In Amroha, which has been a switch seat for the past 40 years and never re-elected a sitting MP, Kunwar Danish Ali, who won as a BSP candidate in 2019 and was suspended by the party in December 2023, is contesting on the Congress ticket this time. Amroha could see a triangular contest between Ali, the BJP’s Kanwar Singh Tanwar, and the BSP’s Mujahid Hussain. In 2019, the Muslim vote had consolidated behind Ali, who defeated Tanwar by over 60,000 votes. However, by fielding a Muslim candidate, the BSP is now making it tough for its former MP.

Unemployment in Agra

In Agra, the BJP can breathe easy despite rampant unemployment. With a sharp decline in the city’s famed marble work and with the leather tanneries shifting to Shastripuram-Sikandara, Agra’s youth are either migrating or becoming tourist guides. Rajiv Kumar Singh, secretary of the Confederation of Tourism Associations, said there are 380 approved guides in Agra but concedes that thousands are engaged in the work for lack of better options.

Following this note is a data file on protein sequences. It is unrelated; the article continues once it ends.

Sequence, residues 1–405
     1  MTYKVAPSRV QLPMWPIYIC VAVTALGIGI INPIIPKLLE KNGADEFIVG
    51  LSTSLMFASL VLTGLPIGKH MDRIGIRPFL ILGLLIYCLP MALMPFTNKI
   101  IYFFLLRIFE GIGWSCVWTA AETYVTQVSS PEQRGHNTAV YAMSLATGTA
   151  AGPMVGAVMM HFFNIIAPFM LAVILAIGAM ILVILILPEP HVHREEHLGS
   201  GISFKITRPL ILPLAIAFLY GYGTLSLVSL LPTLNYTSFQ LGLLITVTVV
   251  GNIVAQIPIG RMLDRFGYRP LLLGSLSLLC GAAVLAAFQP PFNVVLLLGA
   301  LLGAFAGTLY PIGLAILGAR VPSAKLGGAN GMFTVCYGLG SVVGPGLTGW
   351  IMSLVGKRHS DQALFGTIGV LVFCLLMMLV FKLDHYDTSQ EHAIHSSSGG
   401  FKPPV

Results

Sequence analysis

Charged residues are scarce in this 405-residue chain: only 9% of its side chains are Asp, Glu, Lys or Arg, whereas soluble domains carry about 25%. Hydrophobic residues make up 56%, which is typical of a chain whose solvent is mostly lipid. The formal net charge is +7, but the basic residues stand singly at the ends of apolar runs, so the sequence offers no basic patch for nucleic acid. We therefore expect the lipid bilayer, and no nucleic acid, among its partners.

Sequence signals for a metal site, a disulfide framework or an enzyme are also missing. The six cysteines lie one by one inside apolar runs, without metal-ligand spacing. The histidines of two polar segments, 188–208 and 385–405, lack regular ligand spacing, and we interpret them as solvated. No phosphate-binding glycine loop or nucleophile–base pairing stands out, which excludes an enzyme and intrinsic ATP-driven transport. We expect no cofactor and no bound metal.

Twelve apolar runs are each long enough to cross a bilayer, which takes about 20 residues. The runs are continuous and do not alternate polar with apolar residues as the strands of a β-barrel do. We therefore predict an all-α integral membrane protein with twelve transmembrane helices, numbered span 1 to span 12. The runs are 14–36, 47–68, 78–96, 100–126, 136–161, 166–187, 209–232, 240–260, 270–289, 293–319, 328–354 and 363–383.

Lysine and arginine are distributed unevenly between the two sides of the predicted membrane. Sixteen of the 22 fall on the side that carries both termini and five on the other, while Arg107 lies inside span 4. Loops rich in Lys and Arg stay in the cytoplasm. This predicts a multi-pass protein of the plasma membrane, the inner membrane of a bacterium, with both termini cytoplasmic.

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This is not impacting the BJP’s prospects. It has repeated Union Minister S.P. Singh Baghel against the SP’s Suresh Chandra Kardam. The party won the seat in 2009 and 2014, and on both occasions the runner-up was the BSP. The SP is making an all-out effort to make a comeback (Raj Babbar won it in 1999 and 2004), but the odds are stacked against it.

In Mainpuri, where Dimple Yadav of the SP is contesting, an interesting controversy is playing out after the BSP changed its candidate Gulshan Shakya and fielded Shiv Prasad Yadav instead, a move that could lead to a division of Yadav votes. An angry Gulshan Shakya joined the SP, claiming “the Shakya community will avenge this insult”. After the Yadavs, the Shakyas or Kushwahas are the most numerous in this constituency. An SP bastion, the party has won all 10 elections here since 1996; it is a safe seat that the party won even during the 2014 and 2019 Modi waves.